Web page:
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Consider the following:

// select a subset of the DataTable
var subset = DataTable.Where(...).Select(row => new
{
    Id = Convert.ToInt32(row["Id"]),
    Name = row["Name"].ToString(),
    Email = row["Email"].ToString()
});

// or create a new object
var subset = new {
    Id = 1,
    Name = "something random",
    Email = "name@domain.tld"
};

Is there any way to use the subset variable as a parameter to a method, without it being cast as a plain Object? Can you somehow carry the auto-generated type of the variable?

I am trying to avoid having to create new classes every time I want to pass LINQ subsets to methods.

Random generic approaches are welcome.

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5 Answers 5

No, passing anonymous types about isn't generally a good idea because you lose the type information*. You should create a concrete type and use that instead.

var subset = DataTable.Where(...).Select(row => new SomeType
{
    Id = Convert.ToInt32(row["Id"]),
    Name = row["Name"].ToString(),
    Email = row["Email"].ToString()
});

Alternatively you can use the Tuple type if you are using .NET 4. This is a simple way to create "disposable" types and still get some type-safety.


*Actually there is a workaround, but I regard it is an ugly hack and would advise that you don't do it.

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If I need to do this, I use resharper's "Replace Anonymous Type With Named Class" refactoring option. Then you have an appropriate named type to expose over the API, and you haven't had to do any work. This also gives you options to create it immutable (like anonymous types) or mutable, nested vs top-level, etc.

BTW, I don't recommend struct here (from the question).

Another option is to pass the behaviour into the method - i.e. an Action<int,string,string> callback - then do something like:

foreach(item in query) callback(item);

However, I don't like this as it is not obvious that there is a likely error in:

DoSomething(args, (id, email, name) => Email(To: email, Subject: name));

(the error being that it should probably be (id, name, email), if you see what I mean)

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You can use a generic method:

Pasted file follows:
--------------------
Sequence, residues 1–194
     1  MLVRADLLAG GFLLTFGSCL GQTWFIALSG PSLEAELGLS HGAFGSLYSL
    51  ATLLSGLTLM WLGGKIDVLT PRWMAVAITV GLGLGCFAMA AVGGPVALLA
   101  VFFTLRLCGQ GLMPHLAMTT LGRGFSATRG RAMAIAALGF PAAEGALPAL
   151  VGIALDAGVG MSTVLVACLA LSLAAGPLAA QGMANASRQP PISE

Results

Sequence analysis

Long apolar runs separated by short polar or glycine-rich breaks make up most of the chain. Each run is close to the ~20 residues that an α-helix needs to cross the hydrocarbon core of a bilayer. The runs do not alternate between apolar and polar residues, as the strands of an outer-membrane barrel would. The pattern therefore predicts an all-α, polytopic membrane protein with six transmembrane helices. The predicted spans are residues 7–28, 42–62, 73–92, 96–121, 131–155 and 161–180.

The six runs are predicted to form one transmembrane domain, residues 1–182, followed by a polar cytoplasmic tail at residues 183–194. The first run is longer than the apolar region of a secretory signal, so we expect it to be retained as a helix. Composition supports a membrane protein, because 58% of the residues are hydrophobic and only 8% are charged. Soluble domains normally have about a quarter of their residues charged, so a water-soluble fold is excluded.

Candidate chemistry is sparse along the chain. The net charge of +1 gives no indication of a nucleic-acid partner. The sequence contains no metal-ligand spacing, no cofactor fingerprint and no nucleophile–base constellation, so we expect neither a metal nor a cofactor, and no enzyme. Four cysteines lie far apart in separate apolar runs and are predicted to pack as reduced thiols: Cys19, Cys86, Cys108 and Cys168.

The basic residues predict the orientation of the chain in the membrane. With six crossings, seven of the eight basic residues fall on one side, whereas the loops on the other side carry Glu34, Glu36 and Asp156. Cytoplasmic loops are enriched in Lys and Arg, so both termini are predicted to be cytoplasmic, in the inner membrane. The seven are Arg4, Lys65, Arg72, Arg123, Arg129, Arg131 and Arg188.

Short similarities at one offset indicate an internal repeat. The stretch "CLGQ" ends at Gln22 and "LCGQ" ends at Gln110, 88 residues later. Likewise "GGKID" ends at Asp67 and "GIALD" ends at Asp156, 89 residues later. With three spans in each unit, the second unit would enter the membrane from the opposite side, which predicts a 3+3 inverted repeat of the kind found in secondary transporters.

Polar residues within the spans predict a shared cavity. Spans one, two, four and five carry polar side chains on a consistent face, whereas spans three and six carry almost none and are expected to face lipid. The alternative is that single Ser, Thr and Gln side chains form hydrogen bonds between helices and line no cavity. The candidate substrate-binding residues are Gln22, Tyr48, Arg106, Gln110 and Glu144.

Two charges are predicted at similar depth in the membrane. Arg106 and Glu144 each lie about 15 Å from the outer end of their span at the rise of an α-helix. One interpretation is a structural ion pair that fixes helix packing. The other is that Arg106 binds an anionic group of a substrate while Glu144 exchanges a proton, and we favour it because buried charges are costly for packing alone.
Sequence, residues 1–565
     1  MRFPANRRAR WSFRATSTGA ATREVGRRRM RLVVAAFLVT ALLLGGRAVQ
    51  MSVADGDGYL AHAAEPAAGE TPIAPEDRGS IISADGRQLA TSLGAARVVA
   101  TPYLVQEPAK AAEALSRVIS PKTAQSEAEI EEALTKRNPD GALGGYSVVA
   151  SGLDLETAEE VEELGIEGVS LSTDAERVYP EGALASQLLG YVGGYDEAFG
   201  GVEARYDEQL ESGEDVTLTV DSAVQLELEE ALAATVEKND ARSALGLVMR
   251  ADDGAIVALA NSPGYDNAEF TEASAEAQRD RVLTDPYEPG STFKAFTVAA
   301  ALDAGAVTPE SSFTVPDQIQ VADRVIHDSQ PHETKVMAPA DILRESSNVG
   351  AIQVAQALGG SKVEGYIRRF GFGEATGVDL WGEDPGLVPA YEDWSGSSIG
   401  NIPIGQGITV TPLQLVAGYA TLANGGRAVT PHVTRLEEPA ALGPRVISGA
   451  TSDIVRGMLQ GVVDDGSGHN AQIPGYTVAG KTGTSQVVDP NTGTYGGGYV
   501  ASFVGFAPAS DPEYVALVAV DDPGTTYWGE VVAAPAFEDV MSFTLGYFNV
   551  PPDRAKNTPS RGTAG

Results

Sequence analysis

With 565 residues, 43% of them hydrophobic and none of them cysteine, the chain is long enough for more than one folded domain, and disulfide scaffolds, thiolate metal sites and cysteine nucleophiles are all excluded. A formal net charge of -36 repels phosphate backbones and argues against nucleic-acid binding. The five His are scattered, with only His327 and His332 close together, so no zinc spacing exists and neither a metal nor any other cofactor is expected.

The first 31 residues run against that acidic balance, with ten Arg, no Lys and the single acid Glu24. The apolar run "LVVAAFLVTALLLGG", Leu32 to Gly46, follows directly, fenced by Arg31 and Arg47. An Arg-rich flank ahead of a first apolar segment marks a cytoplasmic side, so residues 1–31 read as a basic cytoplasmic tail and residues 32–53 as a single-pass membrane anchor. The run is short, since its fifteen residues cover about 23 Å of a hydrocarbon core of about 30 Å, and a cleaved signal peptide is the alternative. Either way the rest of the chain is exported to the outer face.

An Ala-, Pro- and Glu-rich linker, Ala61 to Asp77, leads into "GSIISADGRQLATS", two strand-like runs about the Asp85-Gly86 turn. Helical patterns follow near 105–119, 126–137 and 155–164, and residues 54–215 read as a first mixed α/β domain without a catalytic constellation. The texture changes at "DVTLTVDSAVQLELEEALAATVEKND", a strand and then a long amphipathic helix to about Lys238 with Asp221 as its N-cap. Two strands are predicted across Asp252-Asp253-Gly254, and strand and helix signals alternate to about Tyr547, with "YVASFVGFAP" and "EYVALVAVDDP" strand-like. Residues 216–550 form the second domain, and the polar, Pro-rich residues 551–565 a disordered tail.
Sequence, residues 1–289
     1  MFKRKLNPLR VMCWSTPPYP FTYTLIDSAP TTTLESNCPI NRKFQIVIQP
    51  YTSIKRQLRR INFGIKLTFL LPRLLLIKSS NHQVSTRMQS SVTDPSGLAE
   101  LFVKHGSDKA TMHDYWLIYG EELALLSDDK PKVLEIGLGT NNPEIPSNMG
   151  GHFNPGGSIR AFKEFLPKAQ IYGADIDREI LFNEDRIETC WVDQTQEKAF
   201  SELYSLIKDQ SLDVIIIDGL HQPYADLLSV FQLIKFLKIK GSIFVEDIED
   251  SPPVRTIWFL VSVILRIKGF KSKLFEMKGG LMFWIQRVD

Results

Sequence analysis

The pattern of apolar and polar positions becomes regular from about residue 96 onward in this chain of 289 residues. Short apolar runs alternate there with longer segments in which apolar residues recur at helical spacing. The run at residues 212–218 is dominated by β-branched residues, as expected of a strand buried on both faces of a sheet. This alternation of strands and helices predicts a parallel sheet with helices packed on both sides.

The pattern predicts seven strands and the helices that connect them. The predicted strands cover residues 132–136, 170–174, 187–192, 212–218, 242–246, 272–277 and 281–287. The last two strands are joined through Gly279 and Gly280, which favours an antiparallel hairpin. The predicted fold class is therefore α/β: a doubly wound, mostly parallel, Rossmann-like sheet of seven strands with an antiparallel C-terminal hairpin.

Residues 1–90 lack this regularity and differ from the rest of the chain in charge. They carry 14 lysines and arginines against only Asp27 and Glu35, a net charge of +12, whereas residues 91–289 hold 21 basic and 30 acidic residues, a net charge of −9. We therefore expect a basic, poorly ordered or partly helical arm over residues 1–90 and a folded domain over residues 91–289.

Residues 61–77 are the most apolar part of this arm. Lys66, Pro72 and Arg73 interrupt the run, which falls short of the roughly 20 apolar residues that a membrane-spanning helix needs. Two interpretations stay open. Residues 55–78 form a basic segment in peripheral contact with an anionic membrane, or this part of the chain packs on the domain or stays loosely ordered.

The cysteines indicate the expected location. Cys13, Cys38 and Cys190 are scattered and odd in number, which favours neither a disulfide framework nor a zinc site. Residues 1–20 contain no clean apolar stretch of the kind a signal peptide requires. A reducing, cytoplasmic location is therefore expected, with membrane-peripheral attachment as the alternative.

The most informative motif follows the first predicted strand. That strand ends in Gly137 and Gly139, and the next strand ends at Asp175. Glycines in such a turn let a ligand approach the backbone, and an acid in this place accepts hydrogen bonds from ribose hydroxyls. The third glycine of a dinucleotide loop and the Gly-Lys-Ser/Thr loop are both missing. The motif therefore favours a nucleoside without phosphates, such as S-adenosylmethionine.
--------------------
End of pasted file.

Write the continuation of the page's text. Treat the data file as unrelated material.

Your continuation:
public static void Foo<T>(T item)
{
    // Do whatever
}

Then if you call

Foo(subset);

the compiler will infer T for you. Whether or not that actually helps you is another matter... it depends on what the method is meant to do. Obviously Foo can't refer to Id, Name, Email etc.

In general, if multiple methods should know about the same members, then you should use a named type. The usual case for passing them to generic methods is where the method really doesn't care about what type is involved, such as in LINQ.

I've made a feature request for C# 5 that we should be able to create types which have all the same features as anonymous types (immutability, equality, hash code generation, ToString dumping) but for simple named types. We'll see if it actually happens...

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Anonymous Types don't provide much help outside of the context they where created.

If you need to pass an Anonymous Type to a method, either this method is very generic like (Example)

void PrintAllObjectProperties(object obj);

witch you would use reflection to do the work, or you are doing something wrong.

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up vote 0 down vote accepted

Here's what I came up with...


Extension method on Object:

public static class ObjectExtensions
{
    /// <summary>
    /// Cast Object to anonymous type.
    /// E.G.: new Object().ToAnonymousType(new { Property = new Type() });
    /// </summary>
    public static T ToAnonymousType<T>(this Object o, T t)
    {
        return (T)o;
    }
}

Usage:

public void HandleAnonymousTypeAsParameter(Object o)
{
    var anonymousType = o.ToAnonymousType(new
    {
        Id = new Int32(),
        Foo = new String(),
        Bar = new String()
    });


    // ... You can do this in even less characters:
    var anonymousType = o.ToAnonymousType(new { Id = 0, Foo = "", Bar = "" });
}


HandleAnonymousTypeAsParameter(new
{
    Id = 1,
    Foo = "foo",
    Bar = "bar"
});


Credits goes to John Skeet and Thomas P.

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